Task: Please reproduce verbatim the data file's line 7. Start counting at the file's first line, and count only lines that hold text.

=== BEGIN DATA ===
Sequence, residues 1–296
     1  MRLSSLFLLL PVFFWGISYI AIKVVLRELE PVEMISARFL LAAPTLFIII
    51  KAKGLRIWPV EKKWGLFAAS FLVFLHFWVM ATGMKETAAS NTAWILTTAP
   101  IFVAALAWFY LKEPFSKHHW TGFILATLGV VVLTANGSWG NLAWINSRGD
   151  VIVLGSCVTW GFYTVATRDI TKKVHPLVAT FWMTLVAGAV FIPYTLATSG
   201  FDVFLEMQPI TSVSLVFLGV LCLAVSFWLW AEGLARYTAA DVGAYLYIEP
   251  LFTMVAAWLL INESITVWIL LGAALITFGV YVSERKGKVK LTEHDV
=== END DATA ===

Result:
   251  LFTMVAAWLL INESITVWIL LGAALITFGV YVSERKGKVK LTEHDV